It can be difficult to watch a loved one suffering from a substance use disorder, but many people find it even more difficult to broach the subject of addiction treatment. However, recommending an outpatient treatment program is often the best approach we can take toward loved ones’ struggles with addiction. While we cannot manage or cure their addictions on our own, we can take positive steps by helping them recognize a need for treatment.
An outpatient rehab center is a type of addiction treatment facility that allows people to make use of an addiction treatment program while continuing to live at home. These programs are ideally suited to people who want to pursue addiction treatment while practicing their sober skills in the outsider world. Graduates of residential treatment programs who want continued support as they transition back to the “real world” benefit considerably from outpatient treatment centers.
These programs are also an excellent first-line treatment option for individuals with pre-existing life commitments, such as work, school, or family. Outpatient alcohol rehab and outpatient drug rehab allow people to develop the skills and coping strategies they need to stay sober over the long term while continuing to build and develop their lives in sobriety.
While it is sometimes obvious that a person desperately needs addiction treatment at a rehab facility, not everyone suffering from addiction makes it so apparent. Individuals with addictions often take great pains to hide or disguise the signs of their substance abuse. Others may successfully manage to appear “functional.”
Just because a person has a two car garage or a six figure income, does not mean that they are not suffering from a deeply painful and debilitating addiction. Before recommending a local outpatient rehab, it is crucial to identify the telltale signs of a substance use disorder. The symptoms of a substance use disorder are:
Sometimes the best approach to bringing up the subject of rehab is simply to reveal what’s in your heart. While some people with addictions are defensive about their substance abuse, if you are honest about your concerns it may get through to them. Focus on explaining your concerns and worries rather than casting blame. It may be helpful to pick a time and place when you know your loved one will be most receptive. Setting an appointment in advance or choosing a time when they are sober is often a good idea. Ultimately, no matter how in denial someone, chances are they share at least a few of the concerns and worries you have.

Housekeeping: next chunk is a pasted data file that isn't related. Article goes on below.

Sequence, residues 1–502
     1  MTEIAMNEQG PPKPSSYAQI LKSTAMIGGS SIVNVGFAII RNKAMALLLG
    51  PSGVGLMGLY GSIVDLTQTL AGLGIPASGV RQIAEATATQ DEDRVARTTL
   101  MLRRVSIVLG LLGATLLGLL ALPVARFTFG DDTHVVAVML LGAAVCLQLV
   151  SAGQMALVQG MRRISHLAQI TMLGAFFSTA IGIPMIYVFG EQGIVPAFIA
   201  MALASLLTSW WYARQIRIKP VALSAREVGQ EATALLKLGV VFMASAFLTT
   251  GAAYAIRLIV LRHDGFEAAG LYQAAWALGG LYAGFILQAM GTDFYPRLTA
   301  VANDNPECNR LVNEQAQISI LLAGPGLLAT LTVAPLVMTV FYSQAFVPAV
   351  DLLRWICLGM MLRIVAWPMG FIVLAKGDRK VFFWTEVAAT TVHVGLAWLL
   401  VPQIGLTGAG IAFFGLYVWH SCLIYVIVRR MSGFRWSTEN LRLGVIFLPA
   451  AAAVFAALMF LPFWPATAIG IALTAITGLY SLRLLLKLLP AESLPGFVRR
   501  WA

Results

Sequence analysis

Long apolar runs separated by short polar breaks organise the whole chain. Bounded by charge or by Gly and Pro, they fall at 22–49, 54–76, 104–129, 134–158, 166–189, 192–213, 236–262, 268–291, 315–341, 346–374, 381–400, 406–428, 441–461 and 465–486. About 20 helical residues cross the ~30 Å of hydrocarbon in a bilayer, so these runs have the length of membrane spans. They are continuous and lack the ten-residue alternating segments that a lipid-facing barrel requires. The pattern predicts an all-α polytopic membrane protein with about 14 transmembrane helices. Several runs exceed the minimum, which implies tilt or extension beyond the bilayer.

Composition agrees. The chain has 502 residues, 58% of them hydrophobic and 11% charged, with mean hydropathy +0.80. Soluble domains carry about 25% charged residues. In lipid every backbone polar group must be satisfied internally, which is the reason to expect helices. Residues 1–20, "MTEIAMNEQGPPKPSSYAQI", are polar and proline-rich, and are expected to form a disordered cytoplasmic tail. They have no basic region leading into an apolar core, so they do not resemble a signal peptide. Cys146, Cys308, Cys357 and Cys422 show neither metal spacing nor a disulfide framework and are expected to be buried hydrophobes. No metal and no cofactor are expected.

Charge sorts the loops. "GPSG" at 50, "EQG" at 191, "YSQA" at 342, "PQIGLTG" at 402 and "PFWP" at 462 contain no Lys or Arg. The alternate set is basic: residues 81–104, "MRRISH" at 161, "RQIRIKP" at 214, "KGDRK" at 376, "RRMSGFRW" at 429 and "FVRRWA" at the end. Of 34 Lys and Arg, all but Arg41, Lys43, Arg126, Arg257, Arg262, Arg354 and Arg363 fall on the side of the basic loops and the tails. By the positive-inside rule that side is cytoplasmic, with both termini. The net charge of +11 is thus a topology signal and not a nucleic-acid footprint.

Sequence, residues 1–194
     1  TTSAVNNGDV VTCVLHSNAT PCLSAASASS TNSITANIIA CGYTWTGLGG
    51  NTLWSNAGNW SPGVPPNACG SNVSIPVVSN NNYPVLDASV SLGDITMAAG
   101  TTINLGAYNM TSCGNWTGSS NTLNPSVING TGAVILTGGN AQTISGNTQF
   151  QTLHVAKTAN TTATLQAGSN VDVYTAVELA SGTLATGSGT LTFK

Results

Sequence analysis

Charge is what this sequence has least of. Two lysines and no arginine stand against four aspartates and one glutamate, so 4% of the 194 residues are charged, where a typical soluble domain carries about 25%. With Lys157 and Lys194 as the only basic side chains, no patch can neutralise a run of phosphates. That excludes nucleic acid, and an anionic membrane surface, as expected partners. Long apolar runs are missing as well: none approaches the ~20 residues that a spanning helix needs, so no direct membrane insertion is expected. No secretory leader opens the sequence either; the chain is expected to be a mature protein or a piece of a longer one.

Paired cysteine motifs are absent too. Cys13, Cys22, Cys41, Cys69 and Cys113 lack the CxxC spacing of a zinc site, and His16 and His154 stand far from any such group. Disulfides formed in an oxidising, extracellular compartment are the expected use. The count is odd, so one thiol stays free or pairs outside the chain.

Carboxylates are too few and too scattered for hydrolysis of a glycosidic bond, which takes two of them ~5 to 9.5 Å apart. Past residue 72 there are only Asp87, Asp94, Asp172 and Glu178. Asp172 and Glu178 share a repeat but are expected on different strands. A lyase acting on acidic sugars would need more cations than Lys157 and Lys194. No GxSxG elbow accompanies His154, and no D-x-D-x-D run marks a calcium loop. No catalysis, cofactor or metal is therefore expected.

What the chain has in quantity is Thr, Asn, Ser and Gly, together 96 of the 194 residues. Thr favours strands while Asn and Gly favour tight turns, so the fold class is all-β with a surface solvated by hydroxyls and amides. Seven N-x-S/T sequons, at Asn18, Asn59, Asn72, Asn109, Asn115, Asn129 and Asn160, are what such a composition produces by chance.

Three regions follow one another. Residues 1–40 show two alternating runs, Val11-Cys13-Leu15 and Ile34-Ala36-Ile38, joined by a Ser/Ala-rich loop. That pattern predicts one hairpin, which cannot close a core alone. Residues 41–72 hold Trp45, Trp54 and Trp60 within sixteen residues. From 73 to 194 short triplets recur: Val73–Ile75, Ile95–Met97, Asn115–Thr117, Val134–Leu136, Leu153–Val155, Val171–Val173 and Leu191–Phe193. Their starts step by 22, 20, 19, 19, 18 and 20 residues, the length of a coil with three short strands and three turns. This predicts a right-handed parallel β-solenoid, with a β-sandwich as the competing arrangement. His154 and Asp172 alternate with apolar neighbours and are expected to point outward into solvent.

People with addictions often blame themselves, believing that they suffer from their addiction because they lack self-will or strength of character. Rather than telling them “you’re an addict,” it is sometimes prudent to address the concerning behaviors you’ve noticed. Make sure they understand that you are not blaming them, but merely certain behaviors that they’re engaging in. By approaching the subject in this light, you can help them see these behaviors as changeable.
It is often a good idea to involve other loved ones when bringing up your concerns about someone’s addiction. This helps present a unified front and makes it difficult for your addicted loved one to deny their problem. It also had the added benefit of making them feel loved. Research shows that individuals who feel like they have more social support are more likely to enter treatment programs.
Having an open and honest discussion with your addicted loved one is an important step. What happens next is up to them. It is important to understand that you cannot manage, control, or ensure a person’s decision about whether to seek treatment or not. However, if your addicted loved one is amenable to seeking treatment, they’re in luck.
Los Angeles contains some of the best drug rehab and alcohol rehab programs in the nation. With your continued support, your family member or friend has the ability to make a full and complete recovery. Help them to understand that addiction is a legitimate medical condition — but it can be treated. It’s just a matter of reaching out for help.